The El Niño event of 1997-8 is the most intense on record. One result was the drought that led to forest fires in Asia, which burned thousands of square miles of rainforest, plantations, conversion forest and scrubland in Indonesia alone. The above shows a superposition of sea surface temperature anomalies on anomalies of the sea surface elevation, showing warm water building up eastwards across the Pacific Ocean and reaching South America.

The El Niño event of 1997-8 is the most intense on record. One result was the drought that led to forest fires in Asia, which burned thousands of square miles of rainforest, plantations, conversion forest and scrubland in Indonesia alone. The above shows a superposition of sea surface temperature anomalies on anomalies of the sea surface elevation, showing warm water building up eastwards across the Pacific Ocean and reaching South America.

We may be sure about the warming that has occurred over the last few decades but do we have the evidence that this is linked with the development of human industry over the last 200 years? To identify climate change related to this development, we need to look for trends in global warming over similar lengths of time. They are long compared with both the memories of a generation and the period for which accurate and detailed records exist. Although, therefore, it can be ascertained that there was more storminess, for instance, in the region of the north Atlantic during the 1980s and 1990s than in the previous three decades, it is difficult to know just how exceptional those decades were compared with other periods in previous centuries. There is even more difficulty in tracking detailed climate trends in many other parts of the world, owing to the lack of adequate records; further, trends in the frequency of rare events are not easy to detect.

What is important is continually to make careful comparisons between practical observations of the climate and its changes and what scientific knowledge leads us to expect. During the last few years, as the occurrence of extreme events has made the public much more aware of environmental issues,4 scientists in their turn have become more sure about just what human activities are doing to the climate. Later chapters will look in detail at the science of global warming and at the climate changes that we can expect, as well as investigating how these changes fit in with the recent climate record. First, however, I present a brief outline of our current scientific understanding.

What is global warming?

We know for sure that because of human activities, especially the burning of fossil fuels, coal, oil and gas, together with widespread deforestation, the gas carbon dioxide has been emitted into the atmosphere in increasing amounts over the past 200 years and more substantially over the past 50 years. Every year these emissions currently add to the carbon already present in the atmosphere a further 8000 million tonnes, much of which is likely to remain there for a period of 100 years or more. Because carbon dioxide is a good absorber of heat radiation coming from the Earth's surface, increased carbon dioxide acts like a blanket over the surface, keeping it warmer than it would otherwise be. With the increased temperature the amount of water vapour in the atmosphere also increases, providing more blanketing and causing it to be even warmer. The gas methane is also increasing because of different human activities, for instance mining and agriculture, and adding to the problem.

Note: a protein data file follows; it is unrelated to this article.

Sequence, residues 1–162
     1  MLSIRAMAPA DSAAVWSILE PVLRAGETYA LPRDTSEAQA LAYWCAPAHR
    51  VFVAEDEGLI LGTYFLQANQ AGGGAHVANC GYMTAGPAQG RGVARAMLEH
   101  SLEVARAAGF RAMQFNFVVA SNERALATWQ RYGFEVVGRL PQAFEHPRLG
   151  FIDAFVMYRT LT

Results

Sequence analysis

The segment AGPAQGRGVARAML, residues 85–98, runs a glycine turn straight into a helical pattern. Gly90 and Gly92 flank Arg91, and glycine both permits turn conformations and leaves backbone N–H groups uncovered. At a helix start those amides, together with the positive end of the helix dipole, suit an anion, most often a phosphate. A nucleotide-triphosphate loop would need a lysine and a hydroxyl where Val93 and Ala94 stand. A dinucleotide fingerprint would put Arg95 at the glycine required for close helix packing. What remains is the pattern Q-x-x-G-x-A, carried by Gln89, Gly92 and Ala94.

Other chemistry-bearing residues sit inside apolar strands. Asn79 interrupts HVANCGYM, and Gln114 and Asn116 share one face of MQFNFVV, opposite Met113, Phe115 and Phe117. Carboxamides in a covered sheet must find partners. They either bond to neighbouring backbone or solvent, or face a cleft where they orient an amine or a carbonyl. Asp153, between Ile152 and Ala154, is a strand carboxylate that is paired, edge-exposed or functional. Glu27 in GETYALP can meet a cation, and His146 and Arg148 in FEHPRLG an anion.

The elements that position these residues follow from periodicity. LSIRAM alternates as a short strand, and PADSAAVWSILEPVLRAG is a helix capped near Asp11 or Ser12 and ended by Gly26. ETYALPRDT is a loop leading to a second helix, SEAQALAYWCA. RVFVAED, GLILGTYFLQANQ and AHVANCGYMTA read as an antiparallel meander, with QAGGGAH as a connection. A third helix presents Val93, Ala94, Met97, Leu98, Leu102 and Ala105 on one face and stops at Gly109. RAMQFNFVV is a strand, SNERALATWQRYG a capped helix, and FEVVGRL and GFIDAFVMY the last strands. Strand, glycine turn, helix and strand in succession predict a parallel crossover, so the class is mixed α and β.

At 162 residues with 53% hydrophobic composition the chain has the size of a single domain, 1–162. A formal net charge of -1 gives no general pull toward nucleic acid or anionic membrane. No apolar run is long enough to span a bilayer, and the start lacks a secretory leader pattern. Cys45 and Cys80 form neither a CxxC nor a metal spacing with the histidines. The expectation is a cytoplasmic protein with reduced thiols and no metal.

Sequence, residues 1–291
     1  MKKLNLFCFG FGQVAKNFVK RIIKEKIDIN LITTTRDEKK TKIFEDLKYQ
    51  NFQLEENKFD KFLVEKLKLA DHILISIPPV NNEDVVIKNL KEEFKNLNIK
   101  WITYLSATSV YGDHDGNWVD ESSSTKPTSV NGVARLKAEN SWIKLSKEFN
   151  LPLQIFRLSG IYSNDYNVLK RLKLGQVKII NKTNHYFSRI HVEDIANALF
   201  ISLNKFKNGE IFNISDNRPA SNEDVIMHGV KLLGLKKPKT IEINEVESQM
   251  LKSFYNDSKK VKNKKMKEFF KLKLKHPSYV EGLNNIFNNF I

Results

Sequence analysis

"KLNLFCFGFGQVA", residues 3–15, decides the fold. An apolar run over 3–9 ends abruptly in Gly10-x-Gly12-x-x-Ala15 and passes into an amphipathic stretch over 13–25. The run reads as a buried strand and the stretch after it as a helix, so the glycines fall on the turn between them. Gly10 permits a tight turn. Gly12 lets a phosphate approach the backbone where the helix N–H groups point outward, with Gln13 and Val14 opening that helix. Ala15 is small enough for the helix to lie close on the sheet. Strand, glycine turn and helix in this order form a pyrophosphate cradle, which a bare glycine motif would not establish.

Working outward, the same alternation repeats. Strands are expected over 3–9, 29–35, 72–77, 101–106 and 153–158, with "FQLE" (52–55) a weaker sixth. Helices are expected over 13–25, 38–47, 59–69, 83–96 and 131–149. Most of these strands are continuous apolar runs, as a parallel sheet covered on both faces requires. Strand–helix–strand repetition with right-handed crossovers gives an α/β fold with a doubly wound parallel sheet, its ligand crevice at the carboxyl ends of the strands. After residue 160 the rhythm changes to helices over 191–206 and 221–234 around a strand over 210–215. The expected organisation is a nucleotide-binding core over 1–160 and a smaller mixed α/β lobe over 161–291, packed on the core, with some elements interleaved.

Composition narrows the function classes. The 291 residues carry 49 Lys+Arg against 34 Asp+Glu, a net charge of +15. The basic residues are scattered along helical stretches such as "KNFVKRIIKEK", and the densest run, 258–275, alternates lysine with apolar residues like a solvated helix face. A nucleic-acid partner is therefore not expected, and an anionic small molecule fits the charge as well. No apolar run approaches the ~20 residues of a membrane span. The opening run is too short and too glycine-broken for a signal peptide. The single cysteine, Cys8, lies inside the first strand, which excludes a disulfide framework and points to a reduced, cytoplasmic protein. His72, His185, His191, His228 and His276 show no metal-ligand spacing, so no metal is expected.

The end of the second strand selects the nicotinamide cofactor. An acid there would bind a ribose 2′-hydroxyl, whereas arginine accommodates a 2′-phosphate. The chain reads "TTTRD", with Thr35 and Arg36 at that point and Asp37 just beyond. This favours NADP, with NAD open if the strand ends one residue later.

Being kept warmer may sound appealing to those of us who live in cool climates. However, an increase in global temperature will lead to global climate change. If the change were small and occurred slowly enough we would almost certainly be able to adapt to it. However, with rapid expansion taking place in the world's industry the change is unlikely to be either small or slow. The estimate I present in later chapters is that, in the absence of efforts to curb the rise in the emissions of carbon dioxide, the global average temperature will rise by about a third of a degree Celsius or more every ten years - or three or more degrees in a century.

This may not sound very much, especially when it is compared with normal temperature variations from day to night or between one day and the next. But it is not the temperature at one place but the temperature averaged over the whole globe. The predicted rate of change of 3 °C a century is probably faster than the global average temperature has changed at any time over the past 10 000 years. And as there is a difference in global average temperature of only about five or six degrees between the coldest part of an ice age and the warm periods in between ice ages (see Figure 4.6), we can see that a few degrees in this global average can represent a big change in climate. It is to this change and especially to the very rapid rate of change that many ecosystems and human communities (especially those in developing countries) will find it difficult to adapt.

Not all the climate changes will in the end be adverse. While some parts of the world experience more frequent or more severe droughts, floods or significant sea level rise, in other places crop yields may increase due to the fertilising effect of carbon dioxide. Other places, perhaps for instance in the sub-arctic, may become more habitable. Even there, though, the likely rate of change will cause problems: large damage to buildings will occur in regions of melting permafrost, and trees in sub-arctic forests like trees elsewhere will not have time to adapt to new climatic regimes.

Scientists are confident about the fact of global warming and climate change due to human activities. However, uncertainty remains about just how large the warming will be and what will be the patterns of change in different parts of the world. Although useful indications can be given, scientists cannot yet say in precise detail which regions will be most affected. Intensive research is needed to improve the confidence in scientific predictions.

Adaptation and mitigation